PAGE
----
Attention Curve

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Meaning 1

The attention curve is a summary of who's watching what sources, and is especially applied to the blogosphere.

According to David Sifry who publishes regular reports on the Blogosphere, the following sections of the attention sphere can be distinguished:

- The Big Head: the most popular blogs

- The Long Tail: in a world of micromedia, the tail of the attention curve can stretch very, very far:

"the long tail of the blogging world goes out to 27.2 million blogs"

- The Magic Middle: sits in between the big head and the long tail: "these are blogs that are interesting, topical, and influential, and in some cases are radically changing the economics of trade publishing."

For more information, see

Meaning 2


Comes with a very useful graphic.

New social trends go through a hype and rejection/acceptance cycle, called an attention curve by Mark Beam, who examines the 'capital for good' (i.e. how Social Entrepreneurship and Fair Trade and other Blended Value trends are taken up.

"A “social trigger” occurs when some new way of creating both social and financial value is developed and begins to spread. New social enterprises are born and some level of acceptance of the idea emerges among a group of insiders. This initial success may or may not be driven by a new technology. In many cases such as microfinance or fair trade, a new bargain is struck and/or a new series of transactions are created or redefined. In any case this social trigger allows others to see and do things differently that result in the creation of both social and financial value. Attention follows and soon an emerging market sector is born.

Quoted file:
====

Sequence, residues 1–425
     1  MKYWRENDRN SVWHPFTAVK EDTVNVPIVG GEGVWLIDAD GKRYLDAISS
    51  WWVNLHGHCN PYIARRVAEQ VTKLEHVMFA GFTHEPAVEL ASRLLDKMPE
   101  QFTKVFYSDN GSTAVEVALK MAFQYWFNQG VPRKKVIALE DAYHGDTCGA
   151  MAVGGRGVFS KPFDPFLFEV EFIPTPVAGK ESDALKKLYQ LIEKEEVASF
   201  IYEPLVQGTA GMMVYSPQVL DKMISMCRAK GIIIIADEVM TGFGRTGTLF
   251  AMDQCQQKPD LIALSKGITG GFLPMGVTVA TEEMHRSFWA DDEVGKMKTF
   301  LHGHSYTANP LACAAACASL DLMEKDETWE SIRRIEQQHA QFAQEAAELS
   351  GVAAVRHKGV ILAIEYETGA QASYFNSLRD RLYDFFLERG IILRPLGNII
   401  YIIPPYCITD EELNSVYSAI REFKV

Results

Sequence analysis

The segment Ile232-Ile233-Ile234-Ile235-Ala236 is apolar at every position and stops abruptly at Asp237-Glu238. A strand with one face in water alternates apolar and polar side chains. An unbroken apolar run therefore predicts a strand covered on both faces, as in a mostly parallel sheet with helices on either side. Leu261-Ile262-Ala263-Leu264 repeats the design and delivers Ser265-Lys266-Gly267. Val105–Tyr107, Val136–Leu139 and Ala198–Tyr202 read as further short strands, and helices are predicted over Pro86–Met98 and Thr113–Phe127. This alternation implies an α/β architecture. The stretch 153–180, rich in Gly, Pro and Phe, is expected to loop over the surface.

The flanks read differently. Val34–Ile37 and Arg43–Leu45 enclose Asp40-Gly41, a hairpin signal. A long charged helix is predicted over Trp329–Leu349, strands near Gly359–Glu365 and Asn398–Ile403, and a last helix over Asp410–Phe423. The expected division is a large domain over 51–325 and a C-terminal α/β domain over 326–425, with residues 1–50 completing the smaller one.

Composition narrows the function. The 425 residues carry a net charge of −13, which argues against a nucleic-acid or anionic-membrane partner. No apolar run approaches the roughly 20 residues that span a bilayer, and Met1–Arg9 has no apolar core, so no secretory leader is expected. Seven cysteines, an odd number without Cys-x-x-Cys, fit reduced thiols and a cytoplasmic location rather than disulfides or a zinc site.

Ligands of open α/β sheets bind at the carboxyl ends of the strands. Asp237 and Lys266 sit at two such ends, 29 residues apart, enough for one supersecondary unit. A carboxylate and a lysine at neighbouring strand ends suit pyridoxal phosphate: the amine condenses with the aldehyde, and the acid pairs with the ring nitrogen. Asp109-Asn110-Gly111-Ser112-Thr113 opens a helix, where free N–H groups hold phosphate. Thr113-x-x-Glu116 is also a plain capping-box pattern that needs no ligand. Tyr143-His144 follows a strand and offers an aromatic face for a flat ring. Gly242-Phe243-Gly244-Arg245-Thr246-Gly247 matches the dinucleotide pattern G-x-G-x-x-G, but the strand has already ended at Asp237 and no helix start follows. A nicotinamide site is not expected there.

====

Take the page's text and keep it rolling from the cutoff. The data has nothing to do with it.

Typically this attention follows a curve upward until a level of “peak attention” is reached, most recently exemplified by the way everything has gone “green” - from special popular magazine issues on the subject to the Oscars and Al Gore’s Inconvenient Truth.

Of course from this point there is no place to go but down in terms of attention. It is in this down cycle where the sector shows its mettle. While significant attention usually brings a flow of new money, these new ideas have to actually work or they slowly disappear off the radar. This is the period I call “market acceptance.” The idea either proves to be sustainable or it falls off the chart. If indeed it proves out, a more mature period of expansion and development occurs supported by smart money. In the case of clean technology for example, this has meant a quadrupling of venture investment in the last six years. Ultimately the acceptance of the idea becomes so commonplace that “market liquidity” develops as it has with the affordable housing market."

The attention chart points out that blended value has been around for a long time, with serious market successes to point to. It also says there is a lot more where that came from, a wave of new ideas, companies and non-profits, albeit at different stages of maturity, that are following on the heals of their predecessors. I’d love to hear your comments and suggestions." (